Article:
community.

Today is the first day I feel like I’m actually in a groove. Everything is set up, I’m establishing my routines again, and I woke up feeling like things were under control.

I’m finding that one of the main differences about life here is the very active sense of community. I had lived alone for almost ten years before this, and though I loved the solitude, I always had the lingering thought at the back of my mind that if I fell off a stool changing a light bulb or something, no one would know for days.

That would never happen here. People are ringing our doorbell and knocking at the door constantly. There is someone to deliver milk, to take out the garbage, to fix the fridge, to sell us an internet plan, to install the router for said plan, to sell vegetables, to ask for money for the electric bill… There is a physical person who comes to our door for anything we could imagine. We know their names, and we see them often. Whereas in the States, most transactions are now done electronically, and even a phone call is often considered too personal (so personal, in fact, that they have endless webs of touch-tone menus in place just to dissuade you from the very act), in India, someone coming to your door is the norm, and a phone call is often just a way to set up the visit. Also, I’ve noticed that almost everyone picks up their phone immediately, no matter what hour, or how much more important they are than you.

I really enjoy knowing the people who provide services for me personally, but it has also been a bit of an adjustment to be constantly ‘on call’. People will just assume you’re awake at 7:30 AM and ring your doorbell until you answer – six, seven times if necessary (yes, I know this from experience). They are not worried about waking you from your sleep or disturbing you. It has taken me a little while to adjust to this, but now that we don’t actually need as many things done in the house as we did when we first moved in, and now that I know when the regulars are coming by, it’s much easier to navigate.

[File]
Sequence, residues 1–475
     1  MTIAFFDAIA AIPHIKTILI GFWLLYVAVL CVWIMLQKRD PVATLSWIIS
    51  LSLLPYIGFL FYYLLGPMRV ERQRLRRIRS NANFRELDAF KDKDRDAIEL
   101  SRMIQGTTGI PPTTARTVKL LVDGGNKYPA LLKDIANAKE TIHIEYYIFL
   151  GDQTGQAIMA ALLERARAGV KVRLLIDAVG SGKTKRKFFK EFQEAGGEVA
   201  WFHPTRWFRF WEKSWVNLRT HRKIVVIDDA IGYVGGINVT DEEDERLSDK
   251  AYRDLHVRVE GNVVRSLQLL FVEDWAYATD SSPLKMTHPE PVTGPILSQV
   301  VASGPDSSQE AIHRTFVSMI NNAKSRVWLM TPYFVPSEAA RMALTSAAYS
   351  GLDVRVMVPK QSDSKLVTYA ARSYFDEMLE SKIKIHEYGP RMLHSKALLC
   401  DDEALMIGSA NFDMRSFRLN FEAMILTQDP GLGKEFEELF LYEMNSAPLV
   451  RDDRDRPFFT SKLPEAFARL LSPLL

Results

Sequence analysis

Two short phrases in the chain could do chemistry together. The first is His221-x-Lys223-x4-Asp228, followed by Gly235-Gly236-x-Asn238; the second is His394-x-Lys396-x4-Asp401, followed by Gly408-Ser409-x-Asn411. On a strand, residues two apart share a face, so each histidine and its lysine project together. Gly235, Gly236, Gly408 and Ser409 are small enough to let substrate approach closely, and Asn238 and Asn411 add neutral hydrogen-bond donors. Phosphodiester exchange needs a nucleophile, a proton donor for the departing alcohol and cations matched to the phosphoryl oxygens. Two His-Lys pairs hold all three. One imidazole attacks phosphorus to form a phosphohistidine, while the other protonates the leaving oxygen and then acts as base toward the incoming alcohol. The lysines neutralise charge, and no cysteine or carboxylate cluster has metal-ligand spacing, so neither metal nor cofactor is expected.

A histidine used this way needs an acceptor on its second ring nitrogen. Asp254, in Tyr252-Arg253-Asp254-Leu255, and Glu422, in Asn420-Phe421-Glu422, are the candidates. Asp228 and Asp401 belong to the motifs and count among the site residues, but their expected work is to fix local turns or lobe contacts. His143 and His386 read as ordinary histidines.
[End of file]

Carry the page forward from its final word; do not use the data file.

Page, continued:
Though I think our maid, Anita, has figured out that I’m a late riser: she rings the bell three times in a row every morning, just to be sure.

While this element of Indian life has taken some getting used to, I find that there are things about India that I’ve fallen into more naturally than I had anticipated. I love the humidity, for instance. There is something very cleansing about it, and my skin feels so nourished. I love the street noise. It is much less industrial than the noise you find in a big city in the States. I love the quaint sounds of bicycle bells and rickshaw horns, so high pitched and squawky to make up for their lack of volume. I love the whistle that the guard blows each hour in the hour, late at night. I love hearing the various wallahs calling out their wares as they walk down the street. There is a vibrant street culture in Delhi that I’ve never experienced in the US, and it makes me feel like I am living in a past era where I am surrounded by real people, consciously voicing their presence.

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2 Responses to community.

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